It is an institutionalised and open inducement to any private group or individual to earn through the killing of a ‘militant’ – in fact a State Subject, who is identified for opposing the Indian rule.
The police policy to profile the Kashmiri youth and fix awards for their killing is unlawful and constitutes a war crime. This manner of profiling and killing is not permissible in Kashmir.
Noel Baker the British representative has argued at the 241st meeting of the UN Security Council held on 5 February 1948 that “It is my conviction that raids and incidents will continue to occur until the question of Kashmir has been disposed of by the Security Council…And, so long as fear dominates the minds of the peoples in that area of the Punjab and of Kashmir, incidents will continue and the situation will remain extremely grave.”
In addition to this, Britain has accepted that there are six elements that need to be satisfied of the just solution of the Kashmir dispute.
Britain has named these elements as Pakistan, insurgents, tribesmen, Government of India, other inhabitants of Jammu and Kashmir and the outside world. There is a distinction made between insurgents and tribesmen.
Insurgent are indigenous and are duly recog-nised as an interest group. Noel Baker said that “This plebiscite must inspire confidence in every-body, including those who are now fighting. We have all stated it before.
The representative of India said at our 239th meeting the day before yesterday that the two parties interested in the Kashmir ques-tion are Pakistan and the insurgents in Kashmir. Therefore, we have to satisfy these two parties.
What the Security Council does must seem fair to these two parties. It must also seem fair to The Gov-ernment of Pakistan, to the insurgents, to the tribesmen, to the Government of India, to the other inhabitants of Jammu and Kashmir, and to the out-side world.”
What should we do to protect the people of Kashmir? This concern should occupy our daily thoughts. As a start we should audit the history of our efforts in defending the people’s right to self-determination and shortlist the mistakes made or duties skipped.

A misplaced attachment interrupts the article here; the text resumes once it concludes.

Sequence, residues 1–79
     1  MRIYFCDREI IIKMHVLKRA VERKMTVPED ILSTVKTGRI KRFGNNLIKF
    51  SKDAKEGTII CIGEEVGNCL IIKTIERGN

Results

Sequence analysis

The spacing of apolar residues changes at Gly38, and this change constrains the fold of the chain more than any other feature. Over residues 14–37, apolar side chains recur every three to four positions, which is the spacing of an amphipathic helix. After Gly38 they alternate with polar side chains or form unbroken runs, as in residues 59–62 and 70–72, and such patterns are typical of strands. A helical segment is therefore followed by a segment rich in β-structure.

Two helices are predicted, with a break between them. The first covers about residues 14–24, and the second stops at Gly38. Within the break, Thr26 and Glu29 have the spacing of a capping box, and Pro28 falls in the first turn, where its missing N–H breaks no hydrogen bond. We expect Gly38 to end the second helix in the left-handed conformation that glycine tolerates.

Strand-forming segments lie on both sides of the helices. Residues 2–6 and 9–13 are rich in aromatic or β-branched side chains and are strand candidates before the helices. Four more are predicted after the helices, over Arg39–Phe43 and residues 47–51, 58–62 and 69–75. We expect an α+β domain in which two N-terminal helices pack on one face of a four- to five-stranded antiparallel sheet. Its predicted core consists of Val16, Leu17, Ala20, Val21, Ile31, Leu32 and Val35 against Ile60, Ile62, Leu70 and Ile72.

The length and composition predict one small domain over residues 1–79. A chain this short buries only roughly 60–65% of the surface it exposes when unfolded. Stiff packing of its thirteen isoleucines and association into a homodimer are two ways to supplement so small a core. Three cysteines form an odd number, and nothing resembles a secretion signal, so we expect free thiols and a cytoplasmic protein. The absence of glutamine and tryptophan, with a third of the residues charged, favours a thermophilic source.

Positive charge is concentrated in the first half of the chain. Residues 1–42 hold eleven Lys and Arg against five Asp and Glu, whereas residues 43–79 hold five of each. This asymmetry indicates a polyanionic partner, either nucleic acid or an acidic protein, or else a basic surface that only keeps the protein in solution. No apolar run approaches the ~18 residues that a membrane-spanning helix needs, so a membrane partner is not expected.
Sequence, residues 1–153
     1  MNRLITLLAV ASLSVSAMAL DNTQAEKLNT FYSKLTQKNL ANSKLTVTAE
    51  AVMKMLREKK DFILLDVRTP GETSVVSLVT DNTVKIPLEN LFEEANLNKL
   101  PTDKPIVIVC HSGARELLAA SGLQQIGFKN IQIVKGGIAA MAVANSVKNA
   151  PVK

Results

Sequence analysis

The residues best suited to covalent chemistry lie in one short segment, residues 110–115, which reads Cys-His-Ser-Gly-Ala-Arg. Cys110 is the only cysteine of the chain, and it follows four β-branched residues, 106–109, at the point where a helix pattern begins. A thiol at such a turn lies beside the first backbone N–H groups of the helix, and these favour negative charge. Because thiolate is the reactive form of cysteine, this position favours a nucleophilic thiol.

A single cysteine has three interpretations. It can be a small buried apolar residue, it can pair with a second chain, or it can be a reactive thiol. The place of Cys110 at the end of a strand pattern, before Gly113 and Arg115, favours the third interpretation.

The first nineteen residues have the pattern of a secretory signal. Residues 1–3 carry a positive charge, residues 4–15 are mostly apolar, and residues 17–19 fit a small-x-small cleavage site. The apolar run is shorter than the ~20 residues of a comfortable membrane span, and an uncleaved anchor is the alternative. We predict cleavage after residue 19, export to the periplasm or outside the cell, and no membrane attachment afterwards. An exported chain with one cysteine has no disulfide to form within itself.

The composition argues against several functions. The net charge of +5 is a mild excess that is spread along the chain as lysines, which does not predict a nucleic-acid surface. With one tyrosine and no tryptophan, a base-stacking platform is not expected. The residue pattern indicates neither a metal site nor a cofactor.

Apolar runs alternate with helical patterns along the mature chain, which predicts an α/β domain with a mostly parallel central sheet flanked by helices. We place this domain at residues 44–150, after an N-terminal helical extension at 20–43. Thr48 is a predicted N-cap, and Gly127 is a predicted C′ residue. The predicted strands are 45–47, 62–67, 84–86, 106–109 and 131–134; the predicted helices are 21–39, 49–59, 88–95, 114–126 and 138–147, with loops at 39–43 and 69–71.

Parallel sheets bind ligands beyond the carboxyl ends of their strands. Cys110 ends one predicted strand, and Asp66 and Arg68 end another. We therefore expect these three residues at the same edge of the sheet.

We have to return to the Canadian proposal to “afford security to the people of Jammu and Kashmir” made at the 235th meeting of UN Security Council held on 24 January 1948. Pakistan revisited the proposal at the 761st meeting of UN SC on 16 January 1957.
The question of a credible protection has been supported by Australia, Cuba, United Kingdom and Northern Ireland and United States of America on 14 February 1957.
Under the Karachi Agreement of April 1949 Government of Azad Jammu and Kashmir has en-tered an agreement with the Government of Pakistan on the division of work, how to run the administra-tion and how to advance the right of self-determination.
Government of AJK has entered another constitutional arrangement under the Con-stitution Act 1974 with the Government of Pakistan, to ensure good governance and to discharge duties under UNCIP Resolutions.
AJK government has a duty to take by itself and to co-ordinate with other disciplines, radical, credi-ble and verifiable steps and has a duty to engage the Government of Pakistan on the shared duties.
Daily killings of innocent Kashmiris in the Indian illegally occupied Jammu and Kashmir set a compelling need on the Government of AJK and Government of Pakistan to honour the shared duties under the Ka-rachi Agreement of April 1949 and the Constitution Act 1974.
In addition the people should stir into a serious concern against the “institutional killings” in the Indian occupied Kashmir.
The author is President of London-based Jammu and Kashmir Council for Human Rights – NGO in Special Consultative Status with the United Nations.